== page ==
Sitting in his office at the City University of New York, Arthur Schlesinger judges himself harshly. "I've dissipated too much of my life in doing things which are totally ephemeral," he says.
Schlesinger's wall holds only one picture--a portrait of the philosopher who still inspires him, Ralph Waldo Emerson. Visitors must talk over the piles of books sitting on his desk. Most were sent by publishers. Most look unopened. Schlesinger is busy writing his own book, his memoirs, but regrets that the most appropriate title is unavailable. "The best title for a memoir I know has already been taken by [English cultural critic] Malcolm Muggeridge--Chronicles of Wasted Time. As Benjamin Franklin said, 'Lost time can never be found.' "
Arthur Meier Schlesinger Jr. is 77 years old and has authored 16 books. He has twice won the Pulitzer Prize, first in history in 1945 for The Age of Jackson, then 20 years later in biography for A Thousand Days, his portrait of the Kennedy admini tration. When he wasn't distracted by ephemera, Schlesinger found time to graduate Harvard and attend Cambridge, and he later became a Harvard junior fellow. He served in the Office of Strategic Services (OSS) during the Second World War, then went back to Harvard as an associate, and later full professor. He was a member of Adlai Stevenson's campaign staff in 1956, then in 1960 he campaigned for John F. Kennedy, and served as a special assistant to the president in the Kennedy White House. In 1967, Schlesinger was appointed Albert Schweitzer Chair in the Humanities at the City University of New York Graduate School.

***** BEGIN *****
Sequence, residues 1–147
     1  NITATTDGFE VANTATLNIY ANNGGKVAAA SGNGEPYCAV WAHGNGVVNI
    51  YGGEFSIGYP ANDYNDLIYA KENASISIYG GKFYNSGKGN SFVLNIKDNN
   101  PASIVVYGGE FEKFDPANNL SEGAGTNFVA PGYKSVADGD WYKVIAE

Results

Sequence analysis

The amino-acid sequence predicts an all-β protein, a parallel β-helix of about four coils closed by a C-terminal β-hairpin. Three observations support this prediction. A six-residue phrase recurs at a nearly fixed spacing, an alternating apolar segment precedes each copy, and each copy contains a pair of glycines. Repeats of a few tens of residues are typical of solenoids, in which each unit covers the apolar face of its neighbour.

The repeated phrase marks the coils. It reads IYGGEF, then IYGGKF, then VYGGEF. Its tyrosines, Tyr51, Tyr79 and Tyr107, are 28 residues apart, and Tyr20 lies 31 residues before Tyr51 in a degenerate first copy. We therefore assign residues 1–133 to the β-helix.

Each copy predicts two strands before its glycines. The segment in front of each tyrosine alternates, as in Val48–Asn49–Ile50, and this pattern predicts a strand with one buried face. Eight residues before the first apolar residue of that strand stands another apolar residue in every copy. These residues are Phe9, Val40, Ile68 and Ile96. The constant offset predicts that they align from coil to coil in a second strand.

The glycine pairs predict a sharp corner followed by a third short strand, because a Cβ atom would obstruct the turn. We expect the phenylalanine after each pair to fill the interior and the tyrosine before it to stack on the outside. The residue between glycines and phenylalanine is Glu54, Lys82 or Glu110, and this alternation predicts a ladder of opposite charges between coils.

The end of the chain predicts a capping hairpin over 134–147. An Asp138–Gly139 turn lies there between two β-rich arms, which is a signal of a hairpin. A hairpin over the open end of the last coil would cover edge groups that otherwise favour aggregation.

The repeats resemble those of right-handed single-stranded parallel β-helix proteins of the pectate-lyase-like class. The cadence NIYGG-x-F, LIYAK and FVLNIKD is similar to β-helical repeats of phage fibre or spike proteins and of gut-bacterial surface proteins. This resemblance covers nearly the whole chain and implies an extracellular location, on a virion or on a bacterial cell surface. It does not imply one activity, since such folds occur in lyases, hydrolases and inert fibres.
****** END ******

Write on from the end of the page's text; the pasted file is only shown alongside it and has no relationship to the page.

What a slacker.
"The trouble with my life is I always found too many things enjoyable," Schlesinger explains in an almost hushed tone. Cigars are among those pleasures. "Anything I can get my hands on that's Cuban," he confides, and happily accepts three Cohiba Esplendidos from a visitor. They should last him a week.